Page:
The Stonewall Inn in Greenwich Village has been in the news recently, and unfortunately, it’s because of the critically-panned Roland Emmerich film, Stonewall. Mostly everyone who’s seen it has hated it, either for its poor story, its whitewashing of actual LGBT history (which includes people of color at its center) or both. But now, The Stonewall Inn is in the news for a great reason: it’s now an official landmark.
New York Magazine’s Daily Intelligencer reports that the Landmark Preservation Committee voted to make the bar a landmark, and now, with the City Council’s blessing, the bar now has the designation of being a place protected from renovation or destruction.
There’s still something else The Stonewall Inn could become: a national park. Sen. Kirsten Gillibrand has stated that she’s working on legislation to make it part of the U.S.’ national conservation properties. The inn is part of the National Historic Register and has been on the list since 1999.
So why is this important, and why am I invoking the awful movie? Well, aside from it being in the recent news, the movie takes away Stonewall’s history, including how the revolt began that fateful night in the 1969. As I wrote in my Stonewall article:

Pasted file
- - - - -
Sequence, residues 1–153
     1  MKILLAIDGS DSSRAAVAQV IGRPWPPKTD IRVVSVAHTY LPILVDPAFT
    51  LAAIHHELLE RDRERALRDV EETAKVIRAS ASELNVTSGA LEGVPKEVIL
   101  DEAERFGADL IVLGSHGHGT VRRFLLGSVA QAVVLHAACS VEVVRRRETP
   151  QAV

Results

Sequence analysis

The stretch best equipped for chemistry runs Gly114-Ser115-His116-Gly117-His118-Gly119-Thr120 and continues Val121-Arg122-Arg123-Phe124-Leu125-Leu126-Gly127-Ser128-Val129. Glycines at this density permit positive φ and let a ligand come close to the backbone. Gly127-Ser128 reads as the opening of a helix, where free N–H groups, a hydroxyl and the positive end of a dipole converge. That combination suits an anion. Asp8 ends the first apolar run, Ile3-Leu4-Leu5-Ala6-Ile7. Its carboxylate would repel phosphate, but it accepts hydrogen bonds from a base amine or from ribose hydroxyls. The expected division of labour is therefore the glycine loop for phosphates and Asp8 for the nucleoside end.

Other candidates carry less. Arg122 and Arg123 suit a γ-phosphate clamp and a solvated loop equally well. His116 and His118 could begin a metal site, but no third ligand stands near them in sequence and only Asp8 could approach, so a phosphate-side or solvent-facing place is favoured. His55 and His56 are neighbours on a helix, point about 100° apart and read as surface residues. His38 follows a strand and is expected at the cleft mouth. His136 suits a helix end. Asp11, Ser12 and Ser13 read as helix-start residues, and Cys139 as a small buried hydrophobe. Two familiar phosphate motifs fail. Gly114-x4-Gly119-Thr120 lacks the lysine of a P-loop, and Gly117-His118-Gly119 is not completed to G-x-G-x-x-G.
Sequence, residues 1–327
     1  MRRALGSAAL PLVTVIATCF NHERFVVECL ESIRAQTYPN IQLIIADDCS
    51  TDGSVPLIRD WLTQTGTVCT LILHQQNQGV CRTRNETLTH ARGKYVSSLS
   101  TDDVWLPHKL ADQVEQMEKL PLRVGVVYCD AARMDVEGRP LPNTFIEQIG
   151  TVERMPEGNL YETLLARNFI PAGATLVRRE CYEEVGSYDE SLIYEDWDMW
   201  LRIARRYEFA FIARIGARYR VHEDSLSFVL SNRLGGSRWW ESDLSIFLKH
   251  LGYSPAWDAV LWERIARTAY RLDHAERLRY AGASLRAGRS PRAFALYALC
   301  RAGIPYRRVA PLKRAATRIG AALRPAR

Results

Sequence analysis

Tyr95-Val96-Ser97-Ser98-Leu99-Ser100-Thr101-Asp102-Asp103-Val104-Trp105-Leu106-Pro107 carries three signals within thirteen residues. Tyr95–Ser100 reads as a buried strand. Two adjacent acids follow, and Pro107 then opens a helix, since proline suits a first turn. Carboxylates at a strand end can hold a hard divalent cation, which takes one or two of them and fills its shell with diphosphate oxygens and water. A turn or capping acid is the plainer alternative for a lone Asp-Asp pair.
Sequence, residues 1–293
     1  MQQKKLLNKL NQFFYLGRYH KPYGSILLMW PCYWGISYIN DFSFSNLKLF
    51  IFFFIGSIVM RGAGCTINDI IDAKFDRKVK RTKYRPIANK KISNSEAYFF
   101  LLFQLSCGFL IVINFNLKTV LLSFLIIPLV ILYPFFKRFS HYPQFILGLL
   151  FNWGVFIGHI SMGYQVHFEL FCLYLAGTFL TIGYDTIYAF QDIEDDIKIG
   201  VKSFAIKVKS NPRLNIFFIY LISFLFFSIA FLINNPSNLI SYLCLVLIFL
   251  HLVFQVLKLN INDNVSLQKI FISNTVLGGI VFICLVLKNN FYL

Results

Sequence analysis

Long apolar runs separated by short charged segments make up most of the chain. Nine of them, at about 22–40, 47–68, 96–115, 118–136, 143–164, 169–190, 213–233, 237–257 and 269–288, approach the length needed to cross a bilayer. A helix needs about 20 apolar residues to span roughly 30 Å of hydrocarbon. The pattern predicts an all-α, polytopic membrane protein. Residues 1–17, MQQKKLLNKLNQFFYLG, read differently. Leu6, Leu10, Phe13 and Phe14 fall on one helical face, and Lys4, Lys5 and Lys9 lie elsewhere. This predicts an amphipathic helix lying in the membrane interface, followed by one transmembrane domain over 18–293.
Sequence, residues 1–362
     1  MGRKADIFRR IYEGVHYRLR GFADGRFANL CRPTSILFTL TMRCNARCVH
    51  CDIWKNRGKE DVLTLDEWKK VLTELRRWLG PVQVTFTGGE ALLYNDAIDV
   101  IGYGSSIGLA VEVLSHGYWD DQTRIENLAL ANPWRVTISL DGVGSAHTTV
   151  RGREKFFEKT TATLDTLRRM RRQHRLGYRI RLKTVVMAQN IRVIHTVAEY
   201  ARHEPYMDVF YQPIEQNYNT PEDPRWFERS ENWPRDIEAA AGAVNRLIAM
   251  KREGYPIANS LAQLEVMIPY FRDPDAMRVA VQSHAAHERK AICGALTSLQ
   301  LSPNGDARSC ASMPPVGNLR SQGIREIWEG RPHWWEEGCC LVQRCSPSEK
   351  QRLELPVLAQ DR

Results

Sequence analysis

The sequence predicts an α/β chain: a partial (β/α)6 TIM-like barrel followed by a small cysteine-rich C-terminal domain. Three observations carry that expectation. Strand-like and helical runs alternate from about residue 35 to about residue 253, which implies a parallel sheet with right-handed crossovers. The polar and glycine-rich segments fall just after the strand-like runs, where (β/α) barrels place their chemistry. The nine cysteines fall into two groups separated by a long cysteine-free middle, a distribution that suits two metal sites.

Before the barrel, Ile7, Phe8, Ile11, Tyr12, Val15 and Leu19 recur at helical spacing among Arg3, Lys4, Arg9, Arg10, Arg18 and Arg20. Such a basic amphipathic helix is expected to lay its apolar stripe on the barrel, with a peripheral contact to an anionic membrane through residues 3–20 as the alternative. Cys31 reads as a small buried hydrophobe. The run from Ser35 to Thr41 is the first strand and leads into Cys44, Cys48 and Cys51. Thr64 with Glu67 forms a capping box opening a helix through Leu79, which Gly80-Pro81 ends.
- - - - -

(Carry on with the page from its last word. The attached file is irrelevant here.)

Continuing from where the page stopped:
For some quick history, the Stonewall riots started in New York City’s Stonewall Inn, and like many gay bars, was subjected to police raids. However, a raid in 1969 led to a riot. The leaders of the movement were people of color, such as Sylvia Rivera, Miss Major Griffin-Gracey and Marsha P. Johnson, who has been labeled the first person to fight back against the police in the riots.
The new designation the bar now has not only keeps that history in place, it also protects it, I feel, from further degradation.
What do you think about The Stonewall Inn getting recognized? Give your opinions in the comments section below!
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Photo credit: Travis Wise (Flickr Creative Commons)